On learning from other people’s mistakes

Before trying out Scott Walker as President, how about hearing from the people who have had to put up with him as governor?

Author: Mark Kleiman

Professor of Public Policy at the NYU Marron Institute for Urban Management and editor of the Journal of Drug Policy Analysis. Teaches about the methods of policy analysis about drug abuse control and crime control policy, working out the implications of two principles: that swift and certain sanctions don't have to be severe to be effective, and that well-designed threats usually don't have to be carried out. Books: Drugs and Drug Policy: What Everyone Needs to Know (with Jonathan Caulkins and Angela Hawken) When Brute Force Fails: How to Have Less Crime and Less Punishment (Princeton, 2009; named one of the "books of the year" by The Economist Against Excess: Drug Policy for Results (Basic, 1993) Marijuana: Costs of Abuse, Costs of Control (Greenwood, 1989) UCLA Homepage Curriculum Vitae Contact: Markarkleiman-at-gmail.com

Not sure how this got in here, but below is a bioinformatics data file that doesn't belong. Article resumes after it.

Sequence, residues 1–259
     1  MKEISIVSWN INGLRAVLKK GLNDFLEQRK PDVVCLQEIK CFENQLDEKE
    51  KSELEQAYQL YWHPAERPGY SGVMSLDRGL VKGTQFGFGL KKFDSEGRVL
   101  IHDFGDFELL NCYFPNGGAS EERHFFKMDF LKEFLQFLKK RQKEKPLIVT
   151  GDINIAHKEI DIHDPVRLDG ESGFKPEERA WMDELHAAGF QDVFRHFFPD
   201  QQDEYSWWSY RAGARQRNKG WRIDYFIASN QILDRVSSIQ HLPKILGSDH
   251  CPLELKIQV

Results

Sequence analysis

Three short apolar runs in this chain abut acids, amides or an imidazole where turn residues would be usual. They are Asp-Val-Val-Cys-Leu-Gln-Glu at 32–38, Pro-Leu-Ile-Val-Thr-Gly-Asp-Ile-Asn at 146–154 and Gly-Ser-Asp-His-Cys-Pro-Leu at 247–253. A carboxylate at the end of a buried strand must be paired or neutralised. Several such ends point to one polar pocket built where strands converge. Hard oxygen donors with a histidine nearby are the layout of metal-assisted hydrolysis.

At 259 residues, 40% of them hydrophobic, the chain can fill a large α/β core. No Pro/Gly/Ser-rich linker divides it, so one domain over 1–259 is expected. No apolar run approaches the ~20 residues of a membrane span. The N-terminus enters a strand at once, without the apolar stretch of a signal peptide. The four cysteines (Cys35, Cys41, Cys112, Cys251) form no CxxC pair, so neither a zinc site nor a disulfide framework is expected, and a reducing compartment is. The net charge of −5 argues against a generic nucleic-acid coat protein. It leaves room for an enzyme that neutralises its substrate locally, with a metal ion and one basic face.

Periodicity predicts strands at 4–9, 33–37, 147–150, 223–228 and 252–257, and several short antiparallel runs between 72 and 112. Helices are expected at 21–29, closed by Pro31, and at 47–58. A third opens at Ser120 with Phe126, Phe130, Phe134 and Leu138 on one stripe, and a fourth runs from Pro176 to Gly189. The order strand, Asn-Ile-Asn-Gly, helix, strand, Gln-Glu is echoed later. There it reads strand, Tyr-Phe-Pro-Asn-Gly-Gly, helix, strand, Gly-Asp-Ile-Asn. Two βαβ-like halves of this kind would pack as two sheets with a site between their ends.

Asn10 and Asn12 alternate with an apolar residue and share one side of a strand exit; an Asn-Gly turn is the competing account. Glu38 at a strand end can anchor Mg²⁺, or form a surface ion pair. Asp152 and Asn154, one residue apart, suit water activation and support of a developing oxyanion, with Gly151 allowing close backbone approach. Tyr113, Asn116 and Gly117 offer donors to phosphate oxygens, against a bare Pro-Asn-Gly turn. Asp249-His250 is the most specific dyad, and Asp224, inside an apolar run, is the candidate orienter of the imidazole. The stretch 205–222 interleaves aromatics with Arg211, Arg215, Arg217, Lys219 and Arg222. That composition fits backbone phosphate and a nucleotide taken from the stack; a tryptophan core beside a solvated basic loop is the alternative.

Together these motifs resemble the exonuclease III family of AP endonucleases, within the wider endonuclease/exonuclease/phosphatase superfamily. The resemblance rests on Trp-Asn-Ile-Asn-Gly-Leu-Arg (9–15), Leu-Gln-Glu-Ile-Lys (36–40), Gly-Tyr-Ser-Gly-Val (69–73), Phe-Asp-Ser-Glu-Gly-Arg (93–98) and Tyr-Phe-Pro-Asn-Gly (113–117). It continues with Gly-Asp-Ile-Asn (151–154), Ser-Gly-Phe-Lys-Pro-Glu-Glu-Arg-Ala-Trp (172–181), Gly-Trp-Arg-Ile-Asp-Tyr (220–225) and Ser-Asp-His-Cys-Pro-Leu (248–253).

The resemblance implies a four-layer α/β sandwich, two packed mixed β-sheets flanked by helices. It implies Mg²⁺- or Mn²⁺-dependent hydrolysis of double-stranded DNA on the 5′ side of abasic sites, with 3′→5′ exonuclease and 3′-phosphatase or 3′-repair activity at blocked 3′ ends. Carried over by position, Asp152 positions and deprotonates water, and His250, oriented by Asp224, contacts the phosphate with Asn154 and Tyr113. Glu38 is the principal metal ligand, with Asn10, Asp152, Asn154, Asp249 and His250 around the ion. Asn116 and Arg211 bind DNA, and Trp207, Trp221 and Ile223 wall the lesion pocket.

3 thoughts on “On learning from other people’s mistakes”

  1. Call me crazy, but proving to Republicans that Democrats are not fond of a Republican governor seems simultaniously easy, and pointless.

  2. I'm hardly sold on Walker, but if we want to "hear from the people that have had to put up with him as Governor," wouldn't it make more sense to look at election returns than a partisan video?

  3. Elected 2010, with 52.3% of the vote. Beat the recall 2012, with 53.1% of the vote. Reelected 2014, again 52.3% of the vote. Obviously, there are enough people in Wisconsin who absolutely loathe him, to have held a recall, but not enough that he doesn't keep winning elections. A polarizing figure, at the least.

    But, hey, who didn't already know that?

Comments are closed.